Broadcast Localism and the Lessons of the Fairness Doctrine

Mar 27, 2009 | by
  • Description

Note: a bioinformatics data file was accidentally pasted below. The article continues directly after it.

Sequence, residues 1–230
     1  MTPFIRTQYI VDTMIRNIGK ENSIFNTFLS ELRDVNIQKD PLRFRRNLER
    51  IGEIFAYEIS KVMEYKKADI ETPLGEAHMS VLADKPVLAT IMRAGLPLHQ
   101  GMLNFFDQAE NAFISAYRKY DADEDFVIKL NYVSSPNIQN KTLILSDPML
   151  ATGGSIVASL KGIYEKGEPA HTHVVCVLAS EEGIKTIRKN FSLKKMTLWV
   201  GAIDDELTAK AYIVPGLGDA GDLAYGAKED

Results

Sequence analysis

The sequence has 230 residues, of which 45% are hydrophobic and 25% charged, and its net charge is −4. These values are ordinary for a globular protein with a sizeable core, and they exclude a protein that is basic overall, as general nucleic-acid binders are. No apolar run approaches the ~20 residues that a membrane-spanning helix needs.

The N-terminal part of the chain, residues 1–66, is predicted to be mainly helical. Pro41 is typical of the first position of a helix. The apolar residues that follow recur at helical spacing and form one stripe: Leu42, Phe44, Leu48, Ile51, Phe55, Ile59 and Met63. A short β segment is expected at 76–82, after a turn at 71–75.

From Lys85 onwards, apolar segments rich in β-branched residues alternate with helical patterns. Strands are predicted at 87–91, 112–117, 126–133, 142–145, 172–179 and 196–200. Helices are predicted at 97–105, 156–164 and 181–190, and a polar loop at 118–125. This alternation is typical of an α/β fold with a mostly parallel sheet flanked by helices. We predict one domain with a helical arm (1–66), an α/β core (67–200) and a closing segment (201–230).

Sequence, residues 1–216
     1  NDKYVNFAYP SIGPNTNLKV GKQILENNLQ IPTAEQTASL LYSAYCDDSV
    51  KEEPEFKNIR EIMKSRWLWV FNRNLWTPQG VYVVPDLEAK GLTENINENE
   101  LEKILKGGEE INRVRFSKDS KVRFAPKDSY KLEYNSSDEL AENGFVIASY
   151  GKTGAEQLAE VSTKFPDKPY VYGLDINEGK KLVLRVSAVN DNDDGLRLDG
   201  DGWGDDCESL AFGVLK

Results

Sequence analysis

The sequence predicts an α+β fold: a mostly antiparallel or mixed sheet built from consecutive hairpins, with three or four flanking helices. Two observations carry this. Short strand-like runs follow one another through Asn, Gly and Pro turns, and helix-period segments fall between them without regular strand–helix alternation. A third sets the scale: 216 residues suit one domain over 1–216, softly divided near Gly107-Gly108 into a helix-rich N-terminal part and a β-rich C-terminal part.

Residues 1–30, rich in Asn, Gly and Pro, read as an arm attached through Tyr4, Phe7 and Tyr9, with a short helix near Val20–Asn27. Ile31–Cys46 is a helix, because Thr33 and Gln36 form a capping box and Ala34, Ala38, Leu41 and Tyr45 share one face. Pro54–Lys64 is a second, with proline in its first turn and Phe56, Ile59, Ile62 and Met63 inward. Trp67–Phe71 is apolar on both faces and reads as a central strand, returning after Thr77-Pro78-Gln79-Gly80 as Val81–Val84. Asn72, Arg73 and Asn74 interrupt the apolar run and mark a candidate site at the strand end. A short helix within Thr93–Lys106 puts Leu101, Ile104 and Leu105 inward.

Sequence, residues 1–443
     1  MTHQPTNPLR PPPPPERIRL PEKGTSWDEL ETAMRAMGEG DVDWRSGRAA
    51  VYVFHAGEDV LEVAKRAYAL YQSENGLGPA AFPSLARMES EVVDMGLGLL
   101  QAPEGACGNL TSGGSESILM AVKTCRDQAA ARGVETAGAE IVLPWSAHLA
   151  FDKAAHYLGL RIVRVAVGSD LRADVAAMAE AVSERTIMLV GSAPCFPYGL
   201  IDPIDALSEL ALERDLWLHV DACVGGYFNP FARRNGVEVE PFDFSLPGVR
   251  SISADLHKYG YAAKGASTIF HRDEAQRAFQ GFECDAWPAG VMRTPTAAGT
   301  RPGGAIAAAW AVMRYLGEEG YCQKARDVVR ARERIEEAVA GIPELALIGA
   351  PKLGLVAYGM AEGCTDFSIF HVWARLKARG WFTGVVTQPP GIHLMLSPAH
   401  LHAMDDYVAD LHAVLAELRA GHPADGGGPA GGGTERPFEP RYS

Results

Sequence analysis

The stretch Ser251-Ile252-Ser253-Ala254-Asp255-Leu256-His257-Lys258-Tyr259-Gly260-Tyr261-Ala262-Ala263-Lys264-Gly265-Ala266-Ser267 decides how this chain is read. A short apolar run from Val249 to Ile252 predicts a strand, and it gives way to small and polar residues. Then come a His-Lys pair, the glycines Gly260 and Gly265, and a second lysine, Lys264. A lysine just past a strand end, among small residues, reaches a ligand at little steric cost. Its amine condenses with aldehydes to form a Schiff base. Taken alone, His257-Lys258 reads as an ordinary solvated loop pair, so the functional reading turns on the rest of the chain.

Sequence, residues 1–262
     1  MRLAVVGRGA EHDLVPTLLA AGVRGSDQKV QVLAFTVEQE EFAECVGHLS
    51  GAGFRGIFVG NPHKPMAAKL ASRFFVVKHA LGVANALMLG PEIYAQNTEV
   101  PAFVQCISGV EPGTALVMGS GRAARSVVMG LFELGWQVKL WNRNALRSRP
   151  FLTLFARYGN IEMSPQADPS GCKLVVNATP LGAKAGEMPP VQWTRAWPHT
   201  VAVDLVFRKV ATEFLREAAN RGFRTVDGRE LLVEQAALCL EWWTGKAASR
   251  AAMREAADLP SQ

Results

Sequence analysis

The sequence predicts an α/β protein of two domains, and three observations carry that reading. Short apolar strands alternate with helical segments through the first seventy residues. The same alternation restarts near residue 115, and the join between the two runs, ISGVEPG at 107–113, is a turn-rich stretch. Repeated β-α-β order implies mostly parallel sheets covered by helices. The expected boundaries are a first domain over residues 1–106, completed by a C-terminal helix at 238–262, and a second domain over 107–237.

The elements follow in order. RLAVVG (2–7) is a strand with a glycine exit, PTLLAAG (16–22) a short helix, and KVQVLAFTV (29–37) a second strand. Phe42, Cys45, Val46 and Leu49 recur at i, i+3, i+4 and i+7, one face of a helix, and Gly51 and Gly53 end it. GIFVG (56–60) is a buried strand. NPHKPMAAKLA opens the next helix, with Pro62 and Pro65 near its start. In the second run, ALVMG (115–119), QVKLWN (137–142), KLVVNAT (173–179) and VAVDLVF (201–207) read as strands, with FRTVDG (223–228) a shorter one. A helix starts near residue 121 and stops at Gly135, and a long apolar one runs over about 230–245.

The First Amendment to the U.S. Constitution recognizes a laissez-faire policy toward speech and the press. The Framers of the Bill of Rights worried that the self-interest of politicians fostered suppression of speech. In contrast, some constitutional theorists have argued that the Constitution empowers, rather than restricts, the federal government to manage speech in order to attain the values implicit in the First Amendment. The government managed broadcast speech for some time, in part through the Fairness Doctrine, which was said to promote balanced public debate and "an uninhibited marketplace of ideas." The history of the Fairness Doctrine confirms the validity of the concerns of the Framers of the First Amendment, because federal officials and their agents used and sought to use the Fairness Doctrine to silence critics of three presidencies. Broadcasters adapted to the Fairness Doctrine by avoiding controversial speech, thereby chilling public debate on vital matters. The Federal Communications Commission is proposing to manage broadcast speech by imposing localism requirements, including content requirements and advisory boards to oversee managing stations. This proposal limits the editorial independence of license holders to serve the public interest. The history of the Fairness Doctrine suggests that federal officials who make and enforce such policies are more concerned with limiting political debate than they are with advancing local concerns or the public interest. Like the Fairness Doctrine, the FCC's localism initiative poses the risk of restricting speech. Our unhappy experience with the Fairness Doctrine suggests that imposing localism mandates on broadcasters is unlikely to serve the public interest in constitutional propriety and uninhibited political debate.